8 June 1991
Tapton Mill Bridge
About this image
Tapton Mill Bridge looking north. This bridge, officially No 1 on the Chesterfield Canal (the numbers go up to 85), takes the towpath from the east side of the canal to the west. Some way to the south the Canal merges with the River Rother which it originally utilised for a further half mile in order to reach Chesterfield proper. In order to protect the waterway from overtopping with excess water from the river there was once a floodgate in front of the bridge.
The Canal opened in 1777 and connected Chesterfield with the River Trent at West Stockwith via Worksop and Retford, a distance of 46 miles. The section from Chesterfield towards Worksop saw little or no use after the closure of the narrow and lengthy Norwood Tunnel on the Canal's summit level in 1908 (as a result of damage from mining subsidence). Thus, at the time this photo was taken the Canal was not navigable but it had remained reasonably intact from the river to Staveley in order to maintain a supply of water for the iron-making and chemical plants at Staveley Works. An indication visible here of this reduced role is the fact that the onetime floodgate has been replaced by a concrete wall with the sluice on the left controlling the flow of water.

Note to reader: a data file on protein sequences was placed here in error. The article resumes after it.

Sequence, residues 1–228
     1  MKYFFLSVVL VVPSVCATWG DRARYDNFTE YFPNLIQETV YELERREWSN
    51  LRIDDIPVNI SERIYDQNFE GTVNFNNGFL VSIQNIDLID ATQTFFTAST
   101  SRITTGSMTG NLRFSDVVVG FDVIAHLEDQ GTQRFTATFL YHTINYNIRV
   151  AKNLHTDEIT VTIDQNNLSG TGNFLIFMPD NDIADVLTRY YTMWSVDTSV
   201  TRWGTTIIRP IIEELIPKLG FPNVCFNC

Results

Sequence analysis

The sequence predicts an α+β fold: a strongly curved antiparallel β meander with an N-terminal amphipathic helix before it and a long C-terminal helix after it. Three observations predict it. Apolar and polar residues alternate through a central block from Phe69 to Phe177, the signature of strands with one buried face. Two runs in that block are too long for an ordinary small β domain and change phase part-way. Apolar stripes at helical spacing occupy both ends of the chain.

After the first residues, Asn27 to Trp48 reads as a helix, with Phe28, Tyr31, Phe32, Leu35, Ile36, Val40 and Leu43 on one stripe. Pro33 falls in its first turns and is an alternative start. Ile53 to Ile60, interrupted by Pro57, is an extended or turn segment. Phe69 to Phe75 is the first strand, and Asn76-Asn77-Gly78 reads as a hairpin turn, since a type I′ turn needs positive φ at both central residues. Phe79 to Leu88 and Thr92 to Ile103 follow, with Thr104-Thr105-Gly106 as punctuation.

The Chesterfield Canal Trust has long term plans to reopen the canal all the way from its terminus at Chesterfield to the present head of navigation at the eastern end of Norwood Tunnel at Kiveton Park. Between 1989 and 2012 reinstatement of the length from Tapton to Staveley was completed in stages with navigation restored to the stretch from Tapton Lock to Tapton Mill Bridge in 1994. This included the installation of a replacement floodgate. While a new terminus basin has been constructed in Chesterfield, at the time of writing (2014) this remains isolated as there is as yet no navigation along the river section southwards from Tapton Mill, a new entrance lock being needed to link the basin to the Rother.